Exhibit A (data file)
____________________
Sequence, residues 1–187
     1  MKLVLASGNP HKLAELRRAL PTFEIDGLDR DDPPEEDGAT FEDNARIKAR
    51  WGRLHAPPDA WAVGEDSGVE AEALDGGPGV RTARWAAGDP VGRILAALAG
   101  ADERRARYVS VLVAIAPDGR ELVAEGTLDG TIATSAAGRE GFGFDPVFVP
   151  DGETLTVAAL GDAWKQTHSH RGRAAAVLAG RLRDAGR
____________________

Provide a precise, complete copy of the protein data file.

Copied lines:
Sequence, residues 1–187
     1  MKLVLASGNP HKLAELRRAL PTFEIDGLDR DDPPEEDGAT FEDNARIKAR
    51  WGRLHAPPDA WAVGEDSGVE AEALDGGPGV RTARWAAGDP VGRILAALAG
   101  ADERRARYVS VLVAIAPDGR ELVAEGTLDG TIATSAAGRE GFGFDPVFVP
   151  DGETLTVAAL GDAWKQTHSH RGRAAAVLAG RLRDAGR